Warning signs of disaster scams

When natural disasters strike, many people immediately ask what they can do to help. Some may volunteer at disaster sites, while others may offer financial donations from afar.

While donors’ efforts are always sincere, some of the people soliciting those donations may be anything but. The Internet and smartphones have made it easier for criminals to defraud well-intentioned men and women who simply want to help at a time when that help is sorely needed. Fraudulent websites, bulk email solicitations and texting scams that encourage donations are each means by which criminals take advantage of conscientious donors.

As eager as prospective donors may be to lend a financial hand when disaster strikes, it’s important to take the time to confirm that an organization is legitimate and not an operation organized by fraudsters looking to make a fast buck. The following are a handful of red flags that may indicate an organization seeking financial donations in the wake of a disaster is not what it says it is.

• Demands: Legitimate organizations will never make demands of prospective donors, so men and women should be wary of organizations that solicit on-the-spot donations. Reputable organizations, such as the Red Cross, have enough resources to respond to natural disasters without demanding immediate action from donors.

• Hesitancy to share information: Reputable organizations are transparent with regard to sharing information about their programs, relief efforts and allocation of donations. If solicited by an organization that seems hesitant to share information about itself, donors should politely hang up the phone or walk away.

• Request for personal information: Some scammers will attempt to gather personal information, including social security numbers and credit card numbers, over the phone. Never share your social security number with anyone, and keep in mind that the majority of charities can now accept donations online, removing the need to share credit card information over the phone. Stop speaking with solicitors who continue to ask for personal information.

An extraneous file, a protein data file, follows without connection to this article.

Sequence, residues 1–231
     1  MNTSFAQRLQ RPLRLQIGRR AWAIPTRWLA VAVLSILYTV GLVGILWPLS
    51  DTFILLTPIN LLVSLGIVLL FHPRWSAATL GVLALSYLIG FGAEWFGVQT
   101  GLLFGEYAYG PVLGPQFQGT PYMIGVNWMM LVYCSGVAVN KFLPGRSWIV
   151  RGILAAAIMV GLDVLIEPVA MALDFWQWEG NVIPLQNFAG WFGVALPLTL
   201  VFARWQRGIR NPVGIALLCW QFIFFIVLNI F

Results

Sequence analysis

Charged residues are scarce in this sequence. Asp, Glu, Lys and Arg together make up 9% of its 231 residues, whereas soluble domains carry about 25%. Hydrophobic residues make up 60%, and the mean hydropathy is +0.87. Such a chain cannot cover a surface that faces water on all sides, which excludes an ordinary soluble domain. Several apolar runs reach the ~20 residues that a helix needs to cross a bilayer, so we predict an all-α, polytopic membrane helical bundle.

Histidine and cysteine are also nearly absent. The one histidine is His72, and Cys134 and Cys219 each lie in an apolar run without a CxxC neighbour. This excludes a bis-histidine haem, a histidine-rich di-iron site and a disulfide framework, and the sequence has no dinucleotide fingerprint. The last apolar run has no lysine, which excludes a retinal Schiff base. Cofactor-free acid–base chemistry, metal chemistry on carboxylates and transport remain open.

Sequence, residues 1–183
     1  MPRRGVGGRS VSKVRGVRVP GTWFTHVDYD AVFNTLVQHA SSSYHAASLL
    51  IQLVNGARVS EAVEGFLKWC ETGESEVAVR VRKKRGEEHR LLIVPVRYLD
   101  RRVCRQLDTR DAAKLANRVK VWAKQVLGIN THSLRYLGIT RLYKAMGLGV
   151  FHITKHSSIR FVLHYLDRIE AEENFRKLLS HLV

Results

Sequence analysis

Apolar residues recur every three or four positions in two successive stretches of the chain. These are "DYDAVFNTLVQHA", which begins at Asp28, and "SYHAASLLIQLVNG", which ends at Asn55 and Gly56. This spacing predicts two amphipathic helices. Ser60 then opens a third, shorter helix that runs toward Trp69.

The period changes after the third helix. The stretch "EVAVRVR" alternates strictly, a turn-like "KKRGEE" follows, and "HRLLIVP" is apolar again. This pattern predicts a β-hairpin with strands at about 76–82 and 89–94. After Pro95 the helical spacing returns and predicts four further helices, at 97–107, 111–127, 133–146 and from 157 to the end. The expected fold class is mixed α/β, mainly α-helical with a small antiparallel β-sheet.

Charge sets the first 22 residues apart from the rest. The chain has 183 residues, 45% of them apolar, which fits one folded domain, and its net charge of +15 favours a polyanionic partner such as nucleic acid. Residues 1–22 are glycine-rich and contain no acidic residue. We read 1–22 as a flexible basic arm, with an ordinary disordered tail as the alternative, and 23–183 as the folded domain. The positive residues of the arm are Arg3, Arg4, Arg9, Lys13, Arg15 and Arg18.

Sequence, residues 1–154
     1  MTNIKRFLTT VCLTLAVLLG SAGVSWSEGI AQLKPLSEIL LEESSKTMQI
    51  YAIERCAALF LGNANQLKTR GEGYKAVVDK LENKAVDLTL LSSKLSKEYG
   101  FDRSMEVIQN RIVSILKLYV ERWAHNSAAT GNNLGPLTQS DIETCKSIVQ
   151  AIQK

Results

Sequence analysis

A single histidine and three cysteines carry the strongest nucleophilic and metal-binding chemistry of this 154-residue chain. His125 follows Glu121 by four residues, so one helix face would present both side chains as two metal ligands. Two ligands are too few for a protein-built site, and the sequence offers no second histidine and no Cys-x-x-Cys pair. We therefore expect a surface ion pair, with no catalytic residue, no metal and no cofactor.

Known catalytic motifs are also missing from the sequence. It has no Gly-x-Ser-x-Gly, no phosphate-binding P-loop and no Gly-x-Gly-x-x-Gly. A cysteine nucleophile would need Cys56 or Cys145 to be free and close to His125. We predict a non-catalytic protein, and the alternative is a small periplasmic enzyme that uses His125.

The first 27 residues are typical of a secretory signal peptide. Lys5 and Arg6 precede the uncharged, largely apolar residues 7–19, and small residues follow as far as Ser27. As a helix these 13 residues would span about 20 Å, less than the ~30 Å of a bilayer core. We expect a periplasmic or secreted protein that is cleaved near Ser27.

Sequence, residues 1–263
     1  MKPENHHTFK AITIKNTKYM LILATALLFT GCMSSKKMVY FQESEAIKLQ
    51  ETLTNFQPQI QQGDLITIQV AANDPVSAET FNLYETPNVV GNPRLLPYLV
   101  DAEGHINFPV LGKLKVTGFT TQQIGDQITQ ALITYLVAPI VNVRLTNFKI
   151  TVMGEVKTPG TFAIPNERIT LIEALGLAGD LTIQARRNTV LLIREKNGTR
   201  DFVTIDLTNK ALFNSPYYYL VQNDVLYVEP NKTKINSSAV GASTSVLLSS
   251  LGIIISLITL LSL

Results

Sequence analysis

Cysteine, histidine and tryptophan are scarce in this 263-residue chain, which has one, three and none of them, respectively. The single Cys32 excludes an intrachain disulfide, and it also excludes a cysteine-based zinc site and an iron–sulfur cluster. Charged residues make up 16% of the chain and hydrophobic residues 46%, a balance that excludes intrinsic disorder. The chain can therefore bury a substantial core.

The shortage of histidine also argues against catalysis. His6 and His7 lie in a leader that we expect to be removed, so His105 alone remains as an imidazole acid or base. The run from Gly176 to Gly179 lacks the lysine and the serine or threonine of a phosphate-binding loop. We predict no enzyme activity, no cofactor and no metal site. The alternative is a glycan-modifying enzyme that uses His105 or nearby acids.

• Checks: Some scammers will request that donors make donation checks out to fundraisers and not an actual organization. When making a donation to charity, make the check payable to an organization and not an event. Confirm the organization is legitimate by visiting its website.

• Name: Many fraudsters go to great lengths to defraud well-intentioned men and women. Some even establish fake organizations and websites with names that sound very similar to legitimate charities. Such websites may be linked through fraudulent email solicitations, and they are often designed to mimic the websites of legitimate organizations. Never donate via links in emails. Instead, type the name of a charity into a search engine, confirming it’s the actual charity you wish to work with and not a fraudulent entity with a very similar name.

Donating in the wake of a natural disaster is a thoughtful gesture. But donors must be on the lookout for scammers looking to take advantage of their generosity.

Author: Duane Childers

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